Julia Kristeva (RLE Feminist Theory)
By John Lechte
Routledge – 2013 – 256 pages
A leading literary critic and psychoanalyst, Julia Kristeva is one of the most significant French thinkers writing today. In this up-to-date survey of her work, John Lechte outlines fully and systematically her intellectual development. He traces it from her work on Bakhtin and the logic of poetic language in the 1960s, through her influential theories of the ‘symbolic’ and the ‘semiotic’ in the 1970s, to her analyses of horror, love, melancholy and cosmopolitanism in the 1980s. He provides an insight into the intellectual and historical context which gave rise to Kristeva’s thought, showing how thinkers such as Roland Barthes, Emile Benviste and Georges Bataille have been important in stimulating her own reflections. He concludes with an overall assessment of Kristeva’s work, looking in particular at her importance for feminism and postmodern thought in general.
Essential reading for all those who wish to extend their understanding of this important thinker, this first full-length study of Kristeva’s work will be of interest to students of literature, sociology, critical theory, feminist theory, French studies and psychoanalysis.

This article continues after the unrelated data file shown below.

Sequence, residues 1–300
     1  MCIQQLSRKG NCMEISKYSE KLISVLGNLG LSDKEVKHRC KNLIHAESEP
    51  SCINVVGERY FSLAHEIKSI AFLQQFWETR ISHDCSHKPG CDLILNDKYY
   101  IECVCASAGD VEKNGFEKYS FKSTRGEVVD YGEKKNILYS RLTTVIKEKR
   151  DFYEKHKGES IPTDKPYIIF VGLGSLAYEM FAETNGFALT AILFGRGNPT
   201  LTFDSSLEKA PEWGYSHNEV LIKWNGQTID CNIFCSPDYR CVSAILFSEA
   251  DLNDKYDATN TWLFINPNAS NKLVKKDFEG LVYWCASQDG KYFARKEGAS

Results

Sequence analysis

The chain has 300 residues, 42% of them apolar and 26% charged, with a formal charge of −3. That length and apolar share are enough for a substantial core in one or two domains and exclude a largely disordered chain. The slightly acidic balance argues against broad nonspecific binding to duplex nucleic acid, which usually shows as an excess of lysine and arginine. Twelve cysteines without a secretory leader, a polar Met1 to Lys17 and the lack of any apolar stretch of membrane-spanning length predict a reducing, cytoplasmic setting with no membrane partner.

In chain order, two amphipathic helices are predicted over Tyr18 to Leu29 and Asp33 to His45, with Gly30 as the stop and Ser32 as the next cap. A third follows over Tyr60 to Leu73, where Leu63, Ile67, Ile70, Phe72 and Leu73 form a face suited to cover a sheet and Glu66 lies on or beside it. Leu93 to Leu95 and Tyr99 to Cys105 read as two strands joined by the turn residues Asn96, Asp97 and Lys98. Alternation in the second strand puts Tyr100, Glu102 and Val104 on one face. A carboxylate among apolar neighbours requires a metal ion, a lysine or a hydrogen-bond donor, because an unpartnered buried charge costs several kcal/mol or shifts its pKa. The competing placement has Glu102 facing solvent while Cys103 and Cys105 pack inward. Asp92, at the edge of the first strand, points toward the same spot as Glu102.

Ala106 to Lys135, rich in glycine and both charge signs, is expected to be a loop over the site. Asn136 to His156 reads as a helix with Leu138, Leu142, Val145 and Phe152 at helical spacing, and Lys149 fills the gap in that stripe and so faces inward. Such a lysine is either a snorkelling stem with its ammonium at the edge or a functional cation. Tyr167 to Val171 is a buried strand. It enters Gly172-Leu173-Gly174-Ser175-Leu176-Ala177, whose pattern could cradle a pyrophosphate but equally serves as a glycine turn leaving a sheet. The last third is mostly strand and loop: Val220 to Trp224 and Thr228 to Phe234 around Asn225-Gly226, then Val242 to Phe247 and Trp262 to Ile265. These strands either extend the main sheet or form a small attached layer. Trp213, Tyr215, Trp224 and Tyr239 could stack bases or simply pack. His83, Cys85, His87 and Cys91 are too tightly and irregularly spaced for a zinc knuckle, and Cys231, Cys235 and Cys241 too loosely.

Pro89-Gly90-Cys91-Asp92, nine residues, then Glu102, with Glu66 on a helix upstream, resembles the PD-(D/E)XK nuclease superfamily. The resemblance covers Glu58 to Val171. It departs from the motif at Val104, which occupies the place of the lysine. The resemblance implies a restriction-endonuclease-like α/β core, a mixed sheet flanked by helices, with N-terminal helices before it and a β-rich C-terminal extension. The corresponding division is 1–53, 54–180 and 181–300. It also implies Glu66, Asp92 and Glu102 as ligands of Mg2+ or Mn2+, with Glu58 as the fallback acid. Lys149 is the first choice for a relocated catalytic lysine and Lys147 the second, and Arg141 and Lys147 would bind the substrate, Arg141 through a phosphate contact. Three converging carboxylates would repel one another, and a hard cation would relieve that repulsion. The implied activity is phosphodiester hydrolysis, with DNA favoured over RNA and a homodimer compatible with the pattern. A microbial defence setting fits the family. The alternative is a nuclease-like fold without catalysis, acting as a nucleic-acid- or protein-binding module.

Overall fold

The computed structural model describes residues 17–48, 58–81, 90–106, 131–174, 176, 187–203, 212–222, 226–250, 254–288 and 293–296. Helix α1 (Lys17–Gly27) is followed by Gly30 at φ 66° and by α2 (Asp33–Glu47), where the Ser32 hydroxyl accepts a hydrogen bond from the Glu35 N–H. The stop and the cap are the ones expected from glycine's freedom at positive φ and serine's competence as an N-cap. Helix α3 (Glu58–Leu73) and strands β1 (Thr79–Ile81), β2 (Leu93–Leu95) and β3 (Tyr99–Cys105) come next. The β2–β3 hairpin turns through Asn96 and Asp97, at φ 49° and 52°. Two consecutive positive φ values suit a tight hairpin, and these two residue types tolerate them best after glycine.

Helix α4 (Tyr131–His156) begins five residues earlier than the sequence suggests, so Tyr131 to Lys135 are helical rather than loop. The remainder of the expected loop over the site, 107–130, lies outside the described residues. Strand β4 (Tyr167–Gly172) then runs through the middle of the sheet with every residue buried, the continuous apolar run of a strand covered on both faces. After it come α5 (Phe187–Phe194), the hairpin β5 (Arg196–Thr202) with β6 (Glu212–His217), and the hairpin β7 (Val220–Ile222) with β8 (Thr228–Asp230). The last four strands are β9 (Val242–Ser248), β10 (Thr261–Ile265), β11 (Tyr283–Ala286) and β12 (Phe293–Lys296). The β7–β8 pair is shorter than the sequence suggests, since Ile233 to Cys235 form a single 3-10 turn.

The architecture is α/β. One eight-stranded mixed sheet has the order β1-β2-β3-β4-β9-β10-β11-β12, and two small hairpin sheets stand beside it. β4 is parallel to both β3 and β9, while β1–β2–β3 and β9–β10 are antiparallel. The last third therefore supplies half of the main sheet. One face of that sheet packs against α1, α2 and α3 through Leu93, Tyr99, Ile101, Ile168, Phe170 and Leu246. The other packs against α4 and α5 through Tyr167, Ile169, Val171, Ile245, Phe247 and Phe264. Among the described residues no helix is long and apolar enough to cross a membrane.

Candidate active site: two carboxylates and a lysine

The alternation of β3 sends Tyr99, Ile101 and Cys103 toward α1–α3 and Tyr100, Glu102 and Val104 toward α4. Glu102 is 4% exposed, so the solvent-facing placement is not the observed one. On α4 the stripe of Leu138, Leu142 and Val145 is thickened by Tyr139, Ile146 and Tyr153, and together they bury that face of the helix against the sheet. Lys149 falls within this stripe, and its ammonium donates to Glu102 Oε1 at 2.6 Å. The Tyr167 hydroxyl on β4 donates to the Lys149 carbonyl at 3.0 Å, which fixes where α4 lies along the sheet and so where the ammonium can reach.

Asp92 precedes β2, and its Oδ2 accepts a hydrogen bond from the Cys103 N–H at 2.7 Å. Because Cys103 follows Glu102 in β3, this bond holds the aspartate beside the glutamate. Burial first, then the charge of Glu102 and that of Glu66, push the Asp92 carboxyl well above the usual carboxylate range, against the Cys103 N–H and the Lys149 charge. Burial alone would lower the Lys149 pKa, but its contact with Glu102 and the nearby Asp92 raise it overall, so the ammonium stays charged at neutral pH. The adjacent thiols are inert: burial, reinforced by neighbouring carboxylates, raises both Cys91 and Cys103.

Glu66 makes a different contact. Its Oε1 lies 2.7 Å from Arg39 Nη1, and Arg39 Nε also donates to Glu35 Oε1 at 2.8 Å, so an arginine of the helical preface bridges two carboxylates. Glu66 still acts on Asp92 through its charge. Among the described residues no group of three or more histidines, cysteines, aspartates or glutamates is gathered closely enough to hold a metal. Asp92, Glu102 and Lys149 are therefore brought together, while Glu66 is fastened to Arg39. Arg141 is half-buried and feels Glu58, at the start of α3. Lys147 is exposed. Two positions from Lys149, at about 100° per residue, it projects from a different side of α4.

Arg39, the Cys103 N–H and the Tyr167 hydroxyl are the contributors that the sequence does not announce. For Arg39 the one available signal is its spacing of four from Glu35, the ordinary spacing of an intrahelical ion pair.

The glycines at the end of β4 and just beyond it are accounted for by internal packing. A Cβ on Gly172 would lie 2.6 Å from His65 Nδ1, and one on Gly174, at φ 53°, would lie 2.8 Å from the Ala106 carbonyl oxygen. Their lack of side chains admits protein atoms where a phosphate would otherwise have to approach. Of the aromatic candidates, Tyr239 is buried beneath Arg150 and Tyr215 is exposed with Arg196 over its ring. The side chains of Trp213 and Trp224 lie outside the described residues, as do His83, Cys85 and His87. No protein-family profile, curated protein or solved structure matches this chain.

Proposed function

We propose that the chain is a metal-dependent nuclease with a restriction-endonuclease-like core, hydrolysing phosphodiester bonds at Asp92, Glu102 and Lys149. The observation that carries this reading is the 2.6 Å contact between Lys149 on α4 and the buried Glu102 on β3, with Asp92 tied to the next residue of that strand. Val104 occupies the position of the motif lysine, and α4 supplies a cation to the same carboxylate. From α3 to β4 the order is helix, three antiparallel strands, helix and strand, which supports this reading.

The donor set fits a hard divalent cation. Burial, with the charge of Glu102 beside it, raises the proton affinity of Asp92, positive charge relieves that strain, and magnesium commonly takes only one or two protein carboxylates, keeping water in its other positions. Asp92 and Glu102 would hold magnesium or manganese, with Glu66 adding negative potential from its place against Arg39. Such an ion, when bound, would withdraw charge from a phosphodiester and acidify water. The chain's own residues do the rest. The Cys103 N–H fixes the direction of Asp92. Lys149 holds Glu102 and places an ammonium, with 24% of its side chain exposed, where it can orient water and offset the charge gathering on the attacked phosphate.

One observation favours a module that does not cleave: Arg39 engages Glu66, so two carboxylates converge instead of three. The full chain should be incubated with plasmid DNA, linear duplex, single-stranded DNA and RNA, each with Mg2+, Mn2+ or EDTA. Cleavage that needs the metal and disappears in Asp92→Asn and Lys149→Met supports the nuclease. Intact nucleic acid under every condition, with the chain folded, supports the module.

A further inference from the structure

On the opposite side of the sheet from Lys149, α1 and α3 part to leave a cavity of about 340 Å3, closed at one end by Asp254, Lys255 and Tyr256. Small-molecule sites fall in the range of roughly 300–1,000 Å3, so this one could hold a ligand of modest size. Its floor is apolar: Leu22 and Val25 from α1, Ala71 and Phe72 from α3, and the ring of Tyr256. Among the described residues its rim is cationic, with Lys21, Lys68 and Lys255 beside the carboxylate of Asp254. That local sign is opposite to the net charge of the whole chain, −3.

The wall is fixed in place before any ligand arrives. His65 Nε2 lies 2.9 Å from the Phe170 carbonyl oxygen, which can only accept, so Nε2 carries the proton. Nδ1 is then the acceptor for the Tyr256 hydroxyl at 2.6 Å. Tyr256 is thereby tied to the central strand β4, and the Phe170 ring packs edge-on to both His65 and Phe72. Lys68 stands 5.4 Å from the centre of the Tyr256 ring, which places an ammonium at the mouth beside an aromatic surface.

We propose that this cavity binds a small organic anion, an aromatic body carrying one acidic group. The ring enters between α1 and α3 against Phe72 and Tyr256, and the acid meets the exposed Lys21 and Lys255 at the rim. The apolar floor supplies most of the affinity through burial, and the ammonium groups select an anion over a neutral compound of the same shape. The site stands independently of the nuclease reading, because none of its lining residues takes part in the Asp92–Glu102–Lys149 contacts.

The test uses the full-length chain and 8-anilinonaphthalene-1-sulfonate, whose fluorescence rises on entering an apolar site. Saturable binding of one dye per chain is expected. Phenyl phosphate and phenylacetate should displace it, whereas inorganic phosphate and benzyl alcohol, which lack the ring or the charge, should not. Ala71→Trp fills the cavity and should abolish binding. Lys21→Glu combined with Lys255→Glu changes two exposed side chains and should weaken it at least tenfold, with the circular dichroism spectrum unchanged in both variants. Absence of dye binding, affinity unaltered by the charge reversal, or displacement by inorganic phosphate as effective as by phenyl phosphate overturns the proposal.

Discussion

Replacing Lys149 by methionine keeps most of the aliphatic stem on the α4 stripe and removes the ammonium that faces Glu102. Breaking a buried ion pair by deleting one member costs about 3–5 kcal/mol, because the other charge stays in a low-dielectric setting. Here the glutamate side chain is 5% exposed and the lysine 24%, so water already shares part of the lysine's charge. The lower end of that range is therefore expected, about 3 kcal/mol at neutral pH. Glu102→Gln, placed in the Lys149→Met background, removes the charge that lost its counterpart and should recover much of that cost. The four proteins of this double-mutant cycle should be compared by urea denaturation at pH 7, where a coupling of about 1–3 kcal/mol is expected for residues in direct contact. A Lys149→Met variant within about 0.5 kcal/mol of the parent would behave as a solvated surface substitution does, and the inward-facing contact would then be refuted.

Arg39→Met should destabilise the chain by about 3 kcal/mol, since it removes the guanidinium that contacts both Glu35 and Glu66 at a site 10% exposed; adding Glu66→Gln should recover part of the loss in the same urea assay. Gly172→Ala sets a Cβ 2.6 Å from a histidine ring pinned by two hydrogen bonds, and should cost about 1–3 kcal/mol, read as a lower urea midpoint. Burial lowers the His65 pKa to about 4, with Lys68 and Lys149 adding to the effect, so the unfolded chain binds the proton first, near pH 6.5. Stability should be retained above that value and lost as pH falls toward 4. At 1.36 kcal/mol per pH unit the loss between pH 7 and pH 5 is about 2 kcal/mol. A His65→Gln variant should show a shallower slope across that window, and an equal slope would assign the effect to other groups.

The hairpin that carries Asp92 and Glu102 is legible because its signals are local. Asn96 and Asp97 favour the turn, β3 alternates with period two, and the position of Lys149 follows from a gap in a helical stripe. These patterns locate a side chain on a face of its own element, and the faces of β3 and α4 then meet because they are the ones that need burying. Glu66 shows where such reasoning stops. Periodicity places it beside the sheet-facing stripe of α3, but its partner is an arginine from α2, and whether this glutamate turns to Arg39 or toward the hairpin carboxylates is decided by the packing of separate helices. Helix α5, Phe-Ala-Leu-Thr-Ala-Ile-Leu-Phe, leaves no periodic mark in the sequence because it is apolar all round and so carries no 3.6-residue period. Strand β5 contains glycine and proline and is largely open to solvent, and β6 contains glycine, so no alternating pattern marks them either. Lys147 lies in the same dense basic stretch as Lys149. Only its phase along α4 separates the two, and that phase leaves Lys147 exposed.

Editor’s foreword. Preface. Acknowledgements. Introduction: Julia Kristeva’s intellectual trajectory. The focus of reading. Part 1: Context and influences 1. ‘Too French…’? Setting the intellectual scene. Frenchness. Thought and its concerns in France. A paradise for intellectuals? The other side of reality and the limits of writing. The missed (Anglo-Franco) encounter 2. The effect of the unconscious. Language and the unconscious system. The baroque. The unconscious as a purloined letter. The psychoanalytic triangle. The unconscious as symbolic. Speaking ‘about’ the unconscious. The letter as destiny (death) and poetry. Psychoanalysing Hamlet. Art and subjectivity. Joyce and the limits of signification. The unsymbolizable. His Majesty’s blindness 3. Towards the semiotic. Roland Barthes. Emile Benviste. Georges Bataille. Anagrams. Exile, foreigner and cosmopolitan Part 2: A reading of Kristeva’s oeuvre 4. Writing. Dialogue. The infinite 5. The semiotic in poetic language and history. Painting rhythm. The ‘semiotic’ and the ‘symbolic’. The semiotic disposition. Poetic language in history and society 6. Horror, love, melancholy. Horror. Love. Melancholy Part 3: Conclusion 7. The importance of Kristeva. Feminism: for and against. From modernism to postmodernism? The power of the analyst? Art and analysis. Select bibliography. Index.